Forgiveness is good not just for the person forgiven, but for the person who forgives. We often think of forgiveness as a kind, magnanimous act — an act of mercy or compassion extended to someone who wronged us. While that can be true, research over the past few decades has revealed enormous personal benefits to forgiveness as well.
- Forgiveness makes us happier: Research suggests not only that happy people are more likely to forgive but that forgiving others can make people feel happy, especially when they forgive someone to whom they feel close.
- Forgiveness improves our health: When we dwell on grudges, our blood pressure and heart rate spike — signs of stress which damage the body; when we forgive, our stress levels drop, and more forgiving people are protected from the negative health effects of stress. Studies also suggest that holding grudges might compromise our immune system, making us less resistant to illness.
- Forgiveness sustains relationships: When our friends inevitably hurt or disappoint us, holding a grudge makes us less likely to sacrifice or cooperate with them, which undermines feelings of trust and commitment, driving us further apart. Studies suggest that forgiveness can stop this downward spiral and repair our relationship before it dissolves.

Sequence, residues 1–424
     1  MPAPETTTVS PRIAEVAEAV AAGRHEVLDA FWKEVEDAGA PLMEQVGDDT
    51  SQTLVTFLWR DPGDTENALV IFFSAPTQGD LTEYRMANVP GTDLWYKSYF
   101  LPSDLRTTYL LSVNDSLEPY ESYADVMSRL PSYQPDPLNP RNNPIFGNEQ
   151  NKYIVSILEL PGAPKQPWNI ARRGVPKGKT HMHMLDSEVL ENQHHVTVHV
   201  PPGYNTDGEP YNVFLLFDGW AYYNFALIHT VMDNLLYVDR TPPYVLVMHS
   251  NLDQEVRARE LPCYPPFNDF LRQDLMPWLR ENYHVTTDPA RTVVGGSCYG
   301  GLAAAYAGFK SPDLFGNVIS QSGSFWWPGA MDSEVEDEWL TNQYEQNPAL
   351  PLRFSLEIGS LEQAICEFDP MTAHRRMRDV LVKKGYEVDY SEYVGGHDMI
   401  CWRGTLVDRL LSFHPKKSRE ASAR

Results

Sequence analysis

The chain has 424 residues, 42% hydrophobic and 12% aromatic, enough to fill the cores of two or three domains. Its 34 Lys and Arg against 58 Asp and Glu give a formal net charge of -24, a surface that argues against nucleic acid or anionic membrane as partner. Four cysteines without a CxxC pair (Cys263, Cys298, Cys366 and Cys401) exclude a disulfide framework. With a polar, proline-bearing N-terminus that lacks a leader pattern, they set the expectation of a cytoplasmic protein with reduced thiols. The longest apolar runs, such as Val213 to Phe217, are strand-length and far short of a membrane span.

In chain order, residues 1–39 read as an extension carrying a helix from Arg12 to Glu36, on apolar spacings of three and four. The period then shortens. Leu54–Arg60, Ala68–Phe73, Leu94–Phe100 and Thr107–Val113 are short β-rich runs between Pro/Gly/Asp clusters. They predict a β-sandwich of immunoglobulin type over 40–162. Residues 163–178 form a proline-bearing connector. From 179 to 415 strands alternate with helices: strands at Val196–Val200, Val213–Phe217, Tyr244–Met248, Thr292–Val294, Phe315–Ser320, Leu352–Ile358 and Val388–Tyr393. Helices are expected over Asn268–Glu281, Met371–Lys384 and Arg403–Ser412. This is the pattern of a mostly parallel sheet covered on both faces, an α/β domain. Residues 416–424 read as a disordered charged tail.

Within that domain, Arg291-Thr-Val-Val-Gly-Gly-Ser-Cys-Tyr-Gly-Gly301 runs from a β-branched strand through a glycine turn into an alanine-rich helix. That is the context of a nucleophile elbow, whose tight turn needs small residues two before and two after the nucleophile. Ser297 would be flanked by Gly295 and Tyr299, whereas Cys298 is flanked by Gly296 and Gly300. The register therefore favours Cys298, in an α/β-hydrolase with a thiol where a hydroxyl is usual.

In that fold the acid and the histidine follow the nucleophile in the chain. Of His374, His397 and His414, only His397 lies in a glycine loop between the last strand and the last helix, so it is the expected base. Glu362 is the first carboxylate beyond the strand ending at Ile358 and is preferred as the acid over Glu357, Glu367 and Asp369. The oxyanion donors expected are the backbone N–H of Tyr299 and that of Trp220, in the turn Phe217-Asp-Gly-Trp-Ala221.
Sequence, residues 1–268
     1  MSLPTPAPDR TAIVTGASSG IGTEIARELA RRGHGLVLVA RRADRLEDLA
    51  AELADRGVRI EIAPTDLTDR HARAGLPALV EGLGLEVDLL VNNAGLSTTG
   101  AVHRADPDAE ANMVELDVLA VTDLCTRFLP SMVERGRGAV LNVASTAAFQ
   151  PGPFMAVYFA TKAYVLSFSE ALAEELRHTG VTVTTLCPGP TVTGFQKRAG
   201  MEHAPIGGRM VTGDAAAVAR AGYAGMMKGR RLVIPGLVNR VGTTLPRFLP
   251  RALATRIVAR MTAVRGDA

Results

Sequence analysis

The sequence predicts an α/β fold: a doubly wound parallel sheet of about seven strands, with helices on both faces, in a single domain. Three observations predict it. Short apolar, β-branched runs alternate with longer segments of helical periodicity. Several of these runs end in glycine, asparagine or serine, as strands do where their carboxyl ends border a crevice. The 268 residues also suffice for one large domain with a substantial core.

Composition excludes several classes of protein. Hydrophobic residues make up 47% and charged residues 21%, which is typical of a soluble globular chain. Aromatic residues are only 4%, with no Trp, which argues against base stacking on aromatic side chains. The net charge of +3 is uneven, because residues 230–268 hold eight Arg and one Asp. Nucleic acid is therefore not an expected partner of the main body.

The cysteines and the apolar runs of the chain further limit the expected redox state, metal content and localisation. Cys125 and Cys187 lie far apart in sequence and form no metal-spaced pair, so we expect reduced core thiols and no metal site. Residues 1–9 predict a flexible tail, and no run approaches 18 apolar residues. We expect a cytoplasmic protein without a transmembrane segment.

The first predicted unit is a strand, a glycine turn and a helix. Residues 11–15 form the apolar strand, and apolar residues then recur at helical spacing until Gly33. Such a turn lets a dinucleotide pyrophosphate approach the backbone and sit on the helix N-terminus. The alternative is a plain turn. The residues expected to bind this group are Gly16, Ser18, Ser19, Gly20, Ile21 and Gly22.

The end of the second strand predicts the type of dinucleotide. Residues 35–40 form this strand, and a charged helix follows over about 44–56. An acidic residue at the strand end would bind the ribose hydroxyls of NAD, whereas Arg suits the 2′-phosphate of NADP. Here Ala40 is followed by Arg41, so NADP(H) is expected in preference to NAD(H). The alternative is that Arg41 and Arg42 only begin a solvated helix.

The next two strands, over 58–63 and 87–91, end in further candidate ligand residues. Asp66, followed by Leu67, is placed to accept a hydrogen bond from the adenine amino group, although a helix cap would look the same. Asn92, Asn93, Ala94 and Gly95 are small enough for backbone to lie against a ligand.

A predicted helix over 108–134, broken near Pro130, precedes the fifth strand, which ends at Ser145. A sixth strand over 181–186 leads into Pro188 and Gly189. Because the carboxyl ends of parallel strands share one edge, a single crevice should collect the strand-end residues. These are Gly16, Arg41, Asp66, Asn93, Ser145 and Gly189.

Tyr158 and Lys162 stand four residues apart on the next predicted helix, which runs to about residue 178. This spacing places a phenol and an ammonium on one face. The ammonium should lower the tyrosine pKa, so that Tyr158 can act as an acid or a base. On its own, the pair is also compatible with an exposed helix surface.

- Forgiveness is good for marriages: Spouses who are more forgiving and less vindictive are better at resolving conflicts effectively in their marriage. A long-term study of newlyweds found that more forgiving spouses had stronger, more satisfying relationships. However, when more forgiving spouses were frequently mistreated by their husbands or wife, they became less satisfied with their marriage.
- Forgiveness boosts kindness and connectedness: People who feel forgiving don’t only feel more positive toward someone who hurt them. They’re also more likely to want to volunteer and donate money to charity, and they feel more connected to other people in general.
According to that research, the above benefits forgiveness is good for us, our relationships, and our communities.